Visit www.rctcbc.gov.uk

Blaenrhondda in Rhondda Cynon Taf, Mid Glamorgan, Wales, UK

A Halloween night at the museum

This Halloween sees St. Fagans National Museum of History spooked up like never before, as the annual assortment of fire jugglers and abominable arts and crafts will be joined by a new Scare Zone (12+). Enjoy tales around a bubbling cauldron or try a wand-making workshop in Kennixton Barn. As ever, they save the best until last, as guests gather during the witching hour to watch the wicker man burn.

Visit www.museum.wales/stfagans

A Halloween night at the museum

Margam Country Park

A wild deer park surrounds this Grade I-listed country-house-turned-castle, offering the grandest of shelters from autumnal rain. Kids will be entertained by the farm trail – basically a petting zoo with added walking, and giant animal sculptures made from hay bales.

Visit www.margamcountrypark.co.uk

Margam Country Park


A Halloween event in Chepstow for those seeking genuine scares, this immersive experience features creatures straight from a hardcore horror flick and is strictly for those over 16. You’ll traverse claustrophobic corridors, creepy quarries, and a foreboding forest. This is no trick-or-treat, bedsheet-over-the-head, family-friendly spook-fest – these demons want to, and I quote, “rip out your soul.”

Visit www.fearfest-evil.co.uk

Welsh Mining Experience

Trapped underground in dark, claustrophobic caverns, the Welsh Mining Experience is scary at the best of times, so visitors to the spooktacular would be advised to keep their wits about them. Families can expect seasonal standards like pumpkin carving, face painting, creepy arts and crafts, and an exclusive Halloween show.

Visit www.rctcbc.gov.uk/EN/Tourism/RhonddaHeritagePark

Welsh Mining Experience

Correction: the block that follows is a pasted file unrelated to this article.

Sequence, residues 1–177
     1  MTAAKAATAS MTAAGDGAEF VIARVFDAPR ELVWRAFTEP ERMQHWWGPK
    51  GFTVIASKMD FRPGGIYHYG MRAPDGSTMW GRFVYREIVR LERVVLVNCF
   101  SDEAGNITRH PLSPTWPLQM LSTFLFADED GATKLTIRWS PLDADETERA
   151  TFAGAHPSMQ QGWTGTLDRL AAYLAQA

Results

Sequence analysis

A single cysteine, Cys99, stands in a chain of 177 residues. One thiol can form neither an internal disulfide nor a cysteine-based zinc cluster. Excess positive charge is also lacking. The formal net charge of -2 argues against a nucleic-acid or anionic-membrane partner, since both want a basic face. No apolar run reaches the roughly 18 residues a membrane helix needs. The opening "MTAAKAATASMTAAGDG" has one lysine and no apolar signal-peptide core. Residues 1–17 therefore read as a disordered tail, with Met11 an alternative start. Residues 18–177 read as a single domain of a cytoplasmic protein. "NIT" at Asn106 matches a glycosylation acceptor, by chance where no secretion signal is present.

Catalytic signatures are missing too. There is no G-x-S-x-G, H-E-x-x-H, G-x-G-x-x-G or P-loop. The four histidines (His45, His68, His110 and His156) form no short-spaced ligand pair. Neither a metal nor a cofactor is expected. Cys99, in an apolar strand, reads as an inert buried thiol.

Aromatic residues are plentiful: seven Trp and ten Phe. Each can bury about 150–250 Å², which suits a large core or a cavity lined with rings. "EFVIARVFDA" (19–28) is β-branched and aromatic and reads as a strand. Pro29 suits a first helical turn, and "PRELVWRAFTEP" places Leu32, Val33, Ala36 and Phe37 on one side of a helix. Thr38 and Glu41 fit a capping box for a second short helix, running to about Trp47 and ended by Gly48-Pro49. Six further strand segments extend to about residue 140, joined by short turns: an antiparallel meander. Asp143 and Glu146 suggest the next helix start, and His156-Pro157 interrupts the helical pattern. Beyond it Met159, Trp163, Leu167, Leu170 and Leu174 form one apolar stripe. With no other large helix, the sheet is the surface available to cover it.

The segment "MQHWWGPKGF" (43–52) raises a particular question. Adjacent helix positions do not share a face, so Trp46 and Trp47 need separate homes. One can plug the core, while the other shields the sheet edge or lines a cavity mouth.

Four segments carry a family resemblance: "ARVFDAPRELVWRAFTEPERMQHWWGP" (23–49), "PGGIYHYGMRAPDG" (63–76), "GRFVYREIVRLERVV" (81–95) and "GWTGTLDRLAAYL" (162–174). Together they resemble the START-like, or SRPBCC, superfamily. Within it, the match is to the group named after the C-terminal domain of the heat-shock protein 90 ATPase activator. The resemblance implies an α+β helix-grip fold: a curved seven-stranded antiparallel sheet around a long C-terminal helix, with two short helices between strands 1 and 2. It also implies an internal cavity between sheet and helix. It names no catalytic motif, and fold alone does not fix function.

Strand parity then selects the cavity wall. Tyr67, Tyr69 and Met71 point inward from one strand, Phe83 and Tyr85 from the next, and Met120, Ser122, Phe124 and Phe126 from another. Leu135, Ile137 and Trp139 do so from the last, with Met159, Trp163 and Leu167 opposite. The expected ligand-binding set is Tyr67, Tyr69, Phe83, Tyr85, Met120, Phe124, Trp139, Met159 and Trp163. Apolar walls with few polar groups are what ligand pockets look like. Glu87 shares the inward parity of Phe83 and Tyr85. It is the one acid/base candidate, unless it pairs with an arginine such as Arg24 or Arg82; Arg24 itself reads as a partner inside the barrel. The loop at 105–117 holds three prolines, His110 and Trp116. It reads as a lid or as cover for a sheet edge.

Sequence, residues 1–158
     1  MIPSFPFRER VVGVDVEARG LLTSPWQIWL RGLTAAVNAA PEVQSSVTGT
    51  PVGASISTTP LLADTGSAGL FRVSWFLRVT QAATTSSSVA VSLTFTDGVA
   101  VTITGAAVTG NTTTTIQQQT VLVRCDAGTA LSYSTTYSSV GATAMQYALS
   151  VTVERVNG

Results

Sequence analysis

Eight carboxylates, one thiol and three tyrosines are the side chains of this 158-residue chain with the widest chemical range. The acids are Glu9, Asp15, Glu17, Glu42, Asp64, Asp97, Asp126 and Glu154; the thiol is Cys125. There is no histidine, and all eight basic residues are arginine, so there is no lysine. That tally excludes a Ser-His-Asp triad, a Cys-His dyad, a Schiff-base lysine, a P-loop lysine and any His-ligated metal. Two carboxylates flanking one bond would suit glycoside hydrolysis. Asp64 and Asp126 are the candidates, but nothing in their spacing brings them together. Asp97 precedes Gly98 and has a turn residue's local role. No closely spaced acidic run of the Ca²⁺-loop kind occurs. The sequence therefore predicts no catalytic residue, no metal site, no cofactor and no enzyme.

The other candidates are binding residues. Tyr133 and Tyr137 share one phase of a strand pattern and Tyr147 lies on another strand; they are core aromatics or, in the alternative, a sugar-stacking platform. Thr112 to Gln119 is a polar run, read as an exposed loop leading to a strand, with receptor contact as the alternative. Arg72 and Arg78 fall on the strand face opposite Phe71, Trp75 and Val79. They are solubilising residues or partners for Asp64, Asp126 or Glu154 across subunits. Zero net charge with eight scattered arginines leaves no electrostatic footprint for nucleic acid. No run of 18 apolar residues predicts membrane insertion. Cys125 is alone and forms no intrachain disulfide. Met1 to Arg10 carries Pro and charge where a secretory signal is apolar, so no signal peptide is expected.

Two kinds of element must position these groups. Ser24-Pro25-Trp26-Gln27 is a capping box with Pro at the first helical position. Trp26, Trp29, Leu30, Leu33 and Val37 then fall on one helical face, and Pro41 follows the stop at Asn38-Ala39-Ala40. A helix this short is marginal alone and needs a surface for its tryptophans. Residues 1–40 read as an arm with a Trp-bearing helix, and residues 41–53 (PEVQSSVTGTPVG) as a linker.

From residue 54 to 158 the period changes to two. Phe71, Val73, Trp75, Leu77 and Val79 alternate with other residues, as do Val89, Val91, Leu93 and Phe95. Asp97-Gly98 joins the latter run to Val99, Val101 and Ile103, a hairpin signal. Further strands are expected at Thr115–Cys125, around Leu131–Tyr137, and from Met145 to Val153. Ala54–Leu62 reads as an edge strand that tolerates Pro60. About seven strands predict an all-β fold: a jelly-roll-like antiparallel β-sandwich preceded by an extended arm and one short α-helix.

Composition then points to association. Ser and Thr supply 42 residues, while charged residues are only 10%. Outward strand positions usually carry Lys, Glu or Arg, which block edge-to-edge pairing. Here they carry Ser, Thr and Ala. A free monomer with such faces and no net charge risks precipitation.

Llancaiach Fawr Ghost Tour

A fortified Tudor manor house that saw service during the English Civil War, Llancaiach Fawr claims to harbour lingering presences from beyond the grave. A maid who haunts the upstairs bedrooms; a little boy whose cold touch can be felt in unguarded moments; a mysterious figure who circles the house on cold dark evenings… We can neither confirm nor deny, but with creaking floorboards, flickering candles, and stone stairwells a-plenty, their designated ghost tour may at the very least make you doubt.

Visit www.your.caerphilly.gov.uk/llancaiachfawr

Wildlife-watching in Pembrokeshire

Everyone knows Pembrokeshire is famous for its natural beauty, but wildlife-watching often takes a backseat to scenery. Step forward the island of Skomer, a haven for birdlife that hosts the UK’s biggest puffin population and the world’s largest colony of Manx shearwaters. Best of all, though, autumn is pupping season, and seals tend to give birth en masse. Expect overcrowded beaches filled with exhausted mums and scampering pups.

Visit www.pembrokeshirecoast.wales

River Tawe Cruises

Picture the scene: You’re drifting downriver on a canal barge, the steadily browning leaves shimmering in the river’s gently rippling reflection. With Copper Jack cruises running at 12, 2 and 4pm daily, from Swansea’s Tawe Basin, you should have no difficulty carving out your own slice of tranquil riverboat bliss.

Visit www.scbt.org.uk

Swansea Indoor Market

The perfect place to fill the cupboards before the cold winter months, Swansea’s famous market flogs everything from groceries to designer perfume. This six-days-a-week stall-filled superstore sells (deep breath) greetings cards, books, fishing rods, tools, health foods, clothes, jewellery, cosmetics, seafood, shoes, pet supplies… the list goes on. With over 100 different traders, if you want it, they probably sell it.

Visit www.swanseaindoormarket.co.uk

Swansea Market in South Wales, UK.